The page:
With any amplification in front of the QS1R's ADC and without filtering, the whole 0 - 62.5 MHz region is amplified equally - so any signal within this range could possibly overload the ADC if its signal strength amplified by the gain of the RF amp exceeds +9 to +10 dBm. This is where band pass filtering is an advantage. It is not easy to design the filtering so that adequate attenuation is provided out of band as well as not degrading the IP3 performance of the receiver. Luckily we are not dealing with an analog radio, so the assumptions about exactly what is needed in a conventional receiver does not necessarily apply to direct sampling receivers such as the QS1R. I spent a very large amount of time in experimentation and testing to come up with a filtering system for RFFE1 that does not degrade IP3 performance. I was surprised in what I found and eventually decided on, but that is a subject for a future blog entry ;-). I did a lot of modeling of various filter networks to determine the RF current in each inductor given the physical and electrical characteristics of each type of inductor. This helped me chose the best filter arrangement and inductor type for the RFFE1 without degrading IP3 as much as other competing receiver's bandpass filters degrade IP3.
So who needs a RFFE1? Here are my guesses:
1. Anyone who wants to use QS1R above ~ 18 MHz with an average antenna system. This includes 10 and 6 meters.
2. If your antenna is less efficient and you have determined that the noise floor of QS1R is above the band noise at some point below 18 MHz. An easy way to determine this is by disconnecting your antenna while watching the noise floor or s-meter in SDRMAX(II/III). If the noise floor increases by at least 6 dB when you reconnect your antenna then you have adequate sensitivity at that frequency.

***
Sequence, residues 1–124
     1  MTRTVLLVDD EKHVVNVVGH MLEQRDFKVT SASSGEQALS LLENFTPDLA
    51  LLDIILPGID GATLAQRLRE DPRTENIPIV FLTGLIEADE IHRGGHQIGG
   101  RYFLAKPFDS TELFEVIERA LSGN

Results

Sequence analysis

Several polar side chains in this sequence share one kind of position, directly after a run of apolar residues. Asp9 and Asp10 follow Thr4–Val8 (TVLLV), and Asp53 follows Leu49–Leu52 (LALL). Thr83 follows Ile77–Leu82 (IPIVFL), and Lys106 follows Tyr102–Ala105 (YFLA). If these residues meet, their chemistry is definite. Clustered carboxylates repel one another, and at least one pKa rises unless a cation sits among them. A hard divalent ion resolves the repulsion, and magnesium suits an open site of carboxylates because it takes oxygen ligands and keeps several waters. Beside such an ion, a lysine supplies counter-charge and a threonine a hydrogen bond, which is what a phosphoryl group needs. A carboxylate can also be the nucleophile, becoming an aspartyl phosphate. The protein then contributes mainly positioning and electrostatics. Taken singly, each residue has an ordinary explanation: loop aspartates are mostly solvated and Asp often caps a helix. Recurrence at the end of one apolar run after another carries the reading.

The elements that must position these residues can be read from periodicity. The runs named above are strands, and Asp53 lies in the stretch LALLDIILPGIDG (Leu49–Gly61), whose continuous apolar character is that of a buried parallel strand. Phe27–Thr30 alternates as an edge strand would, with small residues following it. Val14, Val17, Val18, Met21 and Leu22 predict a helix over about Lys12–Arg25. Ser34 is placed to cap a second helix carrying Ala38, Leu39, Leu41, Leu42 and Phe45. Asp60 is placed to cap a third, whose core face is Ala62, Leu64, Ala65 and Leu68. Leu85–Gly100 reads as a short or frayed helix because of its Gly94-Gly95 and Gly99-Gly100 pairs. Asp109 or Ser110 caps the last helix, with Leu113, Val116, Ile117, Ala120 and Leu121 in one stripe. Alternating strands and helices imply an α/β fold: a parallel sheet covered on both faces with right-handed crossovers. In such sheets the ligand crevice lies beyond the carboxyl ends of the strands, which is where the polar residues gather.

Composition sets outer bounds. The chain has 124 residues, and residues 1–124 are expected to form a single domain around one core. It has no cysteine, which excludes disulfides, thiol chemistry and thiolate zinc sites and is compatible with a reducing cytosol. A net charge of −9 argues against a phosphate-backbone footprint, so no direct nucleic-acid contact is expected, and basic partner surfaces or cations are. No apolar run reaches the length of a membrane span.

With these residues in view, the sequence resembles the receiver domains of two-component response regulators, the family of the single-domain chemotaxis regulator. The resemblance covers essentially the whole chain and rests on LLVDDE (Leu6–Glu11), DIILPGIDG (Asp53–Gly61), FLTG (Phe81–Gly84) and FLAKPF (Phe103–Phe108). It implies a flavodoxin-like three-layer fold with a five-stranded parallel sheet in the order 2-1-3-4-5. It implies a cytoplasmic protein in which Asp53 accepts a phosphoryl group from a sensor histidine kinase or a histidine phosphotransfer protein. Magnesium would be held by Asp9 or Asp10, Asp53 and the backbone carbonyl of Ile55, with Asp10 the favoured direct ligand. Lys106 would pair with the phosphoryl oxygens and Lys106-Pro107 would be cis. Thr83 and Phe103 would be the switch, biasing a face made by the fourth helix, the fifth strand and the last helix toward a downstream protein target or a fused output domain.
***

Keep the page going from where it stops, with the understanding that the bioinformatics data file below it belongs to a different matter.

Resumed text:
3. If your antenna does not provide a 25 - 75 ohm impedance to QS1R. Antennas that deviate far from 50 ohms will manifest as severely reduced sensitivity with QS1R. In my case with my non-resonant 450 ohm ladder line fed dipole, a 4:1 balun is all that is required for me to have adequate sensitivity up to about 21 MHz.
4. Signal strengths in your location in the 0 - 62.5 MHz range exceeds +9 dBm at the antenna input to the QS1R receiver. In this case the switchable filtering and/or attenuation provided by RFFE1 will eliminate the overload. QS1R and SDRMAXII provides the nice capability of viewing 50 MHz of spectrum at once - it is easy to see the maximum signal levels your are receiving in that range.
5. RFFE1 has two switchable antenna inputs as well as additional static/surge protection. RFFE1 also provides a connector for external receiver mute input, two protected general purpose IO lines, as well as an external connection to the QS1R I2C bus for external relay control and/or switching. While these options are not necessary for the functioning of QS1R, they are nice to have in some cases.
Who does not need a RFFE1?
1. If your operation is below ~18 MHz and your antenna system is adequate (see 2 and 3 above) and you have no overload problems (you don't see your "clip" LED on the front of QS1R illuminating) then you won't gain much with RFFE1. This generally includes using QS1R with transverters and for an IF receiver with other receivers/transceivers.
Exact performance numbers for RFFE1 will be posted in the near future as well as pricing. Hint: The price of QS1R and RFFE1 together will not exceed the price of competing direct sampling receivers!